I read this book many years ago. It is a good presentation of four different positions all held by responsible, scholarly Christian writers.

12. God and Government by Gary DeMar

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This series gives some basic information about history, government, and Christian influences. It was later reprinted in a nice hardback one volume edition, which I, unfortunately, do not have. Gary DeMar has written and reprinted lots of works that verify the Christian influences on American history and government. American Vision, his organization, has a wealth of resources available.

13. A Christian Manifesto by Francis Schaeffer

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This book caused quite a stir when it came out in the 1980s. The work of Francis Schaeffer during his most popular years coincides with the Presidency of Ronald Reagan. Much of what Schaeffer says in this book seems to be based on information gleaned from The Journal of Christian Reconstruction. That is another story.

14. Did America Hav a Christian Founding? by Mark David Hall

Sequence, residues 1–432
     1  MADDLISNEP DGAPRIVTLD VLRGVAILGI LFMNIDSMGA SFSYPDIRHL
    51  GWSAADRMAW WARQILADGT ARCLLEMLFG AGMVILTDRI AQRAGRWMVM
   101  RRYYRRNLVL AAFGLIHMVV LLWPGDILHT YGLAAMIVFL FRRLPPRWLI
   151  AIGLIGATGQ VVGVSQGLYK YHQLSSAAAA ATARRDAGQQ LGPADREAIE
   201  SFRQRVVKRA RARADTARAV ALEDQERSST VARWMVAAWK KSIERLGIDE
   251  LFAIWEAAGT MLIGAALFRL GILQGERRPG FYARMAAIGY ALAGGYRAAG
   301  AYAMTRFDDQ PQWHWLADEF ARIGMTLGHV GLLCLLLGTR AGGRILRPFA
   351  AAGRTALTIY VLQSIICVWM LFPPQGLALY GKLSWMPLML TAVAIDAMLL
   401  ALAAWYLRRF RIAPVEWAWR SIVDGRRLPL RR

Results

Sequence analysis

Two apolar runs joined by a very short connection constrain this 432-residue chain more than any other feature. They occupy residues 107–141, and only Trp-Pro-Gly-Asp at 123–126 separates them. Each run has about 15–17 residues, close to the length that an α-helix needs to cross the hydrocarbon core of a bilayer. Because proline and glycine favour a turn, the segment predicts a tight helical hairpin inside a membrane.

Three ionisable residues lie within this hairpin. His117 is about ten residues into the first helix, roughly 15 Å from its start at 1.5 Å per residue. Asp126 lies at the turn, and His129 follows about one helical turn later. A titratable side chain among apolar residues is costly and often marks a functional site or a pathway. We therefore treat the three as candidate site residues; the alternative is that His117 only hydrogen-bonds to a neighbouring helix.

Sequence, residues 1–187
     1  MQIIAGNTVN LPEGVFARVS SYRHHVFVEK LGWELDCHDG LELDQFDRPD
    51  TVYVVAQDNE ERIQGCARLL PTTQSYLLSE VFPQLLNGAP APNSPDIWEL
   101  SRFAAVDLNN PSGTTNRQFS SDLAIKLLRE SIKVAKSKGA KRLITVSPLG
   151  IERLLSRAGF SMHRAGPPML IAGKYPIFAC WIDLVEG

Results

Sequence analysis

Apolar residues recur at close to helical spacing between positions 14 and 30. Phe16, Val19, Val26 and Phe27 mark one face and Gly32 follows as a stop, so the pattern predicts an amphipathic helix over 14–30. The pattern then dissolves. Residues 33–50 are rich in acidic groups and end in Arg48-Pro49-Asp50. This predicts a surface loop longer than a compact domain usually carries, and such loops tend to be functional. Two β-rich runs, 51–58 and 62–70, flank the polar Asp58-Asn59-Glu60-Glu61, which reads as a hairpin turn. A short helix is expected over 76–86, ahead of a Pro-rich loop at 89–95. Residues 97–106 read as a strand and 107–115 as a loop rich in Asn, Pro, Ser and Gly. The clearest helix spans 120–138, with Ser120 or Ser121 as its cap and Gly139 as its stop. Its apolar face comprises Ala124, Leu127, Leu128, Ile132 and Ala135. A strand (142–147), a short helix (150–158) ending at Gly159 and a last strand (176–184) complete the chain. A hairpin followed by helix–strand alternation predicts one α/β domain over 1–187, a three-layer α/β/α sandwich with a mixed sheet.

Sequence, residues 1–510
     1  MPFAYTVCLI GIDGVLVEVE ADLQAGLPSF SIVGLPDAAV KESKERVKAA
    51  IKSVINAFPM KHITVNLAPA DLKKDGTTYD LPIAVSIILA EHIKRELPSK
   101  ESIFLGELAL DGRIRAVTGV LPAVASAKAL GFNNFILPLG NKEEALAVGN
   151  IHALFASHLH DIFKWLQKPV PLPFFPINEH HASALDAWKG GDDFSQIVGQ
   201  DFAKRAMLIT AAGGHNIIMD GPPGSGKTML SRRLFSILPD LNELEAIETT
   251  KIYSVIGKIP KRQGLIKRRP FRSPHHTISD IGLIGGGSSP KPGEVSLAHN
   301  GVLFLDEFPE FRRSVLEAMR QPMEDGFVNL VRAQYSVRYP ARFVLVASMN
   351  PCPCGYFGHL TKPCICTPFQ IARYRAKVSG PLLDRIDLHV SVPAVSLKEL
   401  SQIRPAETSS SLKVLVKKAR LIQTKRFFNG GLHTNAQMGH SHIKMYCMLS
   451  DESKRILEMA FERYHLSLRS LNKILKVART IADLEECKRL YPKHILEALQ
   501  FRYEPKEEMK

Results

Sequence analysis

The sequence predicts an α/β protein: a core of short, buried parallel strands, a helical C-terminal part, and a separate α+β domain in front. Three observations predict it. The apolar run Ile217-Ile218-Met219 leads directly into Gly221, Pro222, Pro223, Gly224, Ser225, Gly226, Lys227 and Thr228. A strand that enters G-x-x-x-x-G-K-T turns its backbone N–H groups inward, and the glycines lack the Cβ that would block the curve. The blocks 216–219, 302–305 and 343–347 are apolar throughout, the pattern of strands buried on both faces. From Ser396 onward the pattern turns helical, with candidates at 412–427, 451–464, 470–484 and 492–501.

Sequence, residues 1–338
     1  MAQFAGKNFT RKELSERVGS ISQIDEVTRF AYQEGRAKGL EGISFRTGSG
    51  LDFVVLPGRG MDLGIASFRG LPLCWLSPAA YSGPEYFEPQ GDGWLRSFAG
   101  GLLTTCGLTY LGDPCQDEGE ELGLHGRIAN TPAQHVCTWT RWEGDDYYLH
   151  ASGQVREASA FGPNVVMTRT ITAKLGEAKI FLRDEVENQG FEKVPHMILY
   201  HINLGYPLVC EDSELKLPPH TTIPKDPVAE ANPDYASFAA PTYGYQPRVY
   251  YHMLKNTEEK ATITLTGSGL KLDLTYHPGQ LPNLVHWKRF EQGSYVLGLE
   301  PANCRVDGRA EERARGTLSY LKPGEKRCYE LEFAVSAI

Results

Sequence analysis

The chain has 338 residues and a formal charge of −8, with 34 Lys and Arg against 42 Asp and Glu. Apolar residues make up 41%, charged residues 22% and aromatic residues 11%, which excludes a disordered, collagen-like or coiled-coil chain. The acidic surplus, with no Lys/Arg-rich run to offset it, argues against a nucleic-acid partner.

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I have and have read many books related to this topic, and many of those books are referenced in this one. This is THE go-to source for understanding and being able to better interact with a host of political issues that are related to our nation’s Founding Era.

POLITICAL CLASSICS

  1. The Republic by Plato
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This is my favorite translation. The Allan Bloom translation is also highly acclaimed. I do not prefer the Benjamin Jowett translation, which is an older and usually cheaper version.

2. Politics by Aristotle

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3. The Prince by Machiavelli

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I am no expert, but I would recommend the translation by Harvey Mansfield, based on what I have heard from others.

4. Vindiciae Contra Tyrannos by Junius Brutus

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This book is a seldom read Calvinist and Huguenot classic. Thankfully, Canon Press has published a useable new edition of it that should broaden the reach of this book. R. J. Rushdoony often made a comment (actually based on a quote from someone he had read) that it was this book, rather than Thomas Paine’s Common Sense that was most influential in the American Revolution.

5. Lex, Rex by Samuel Rutherford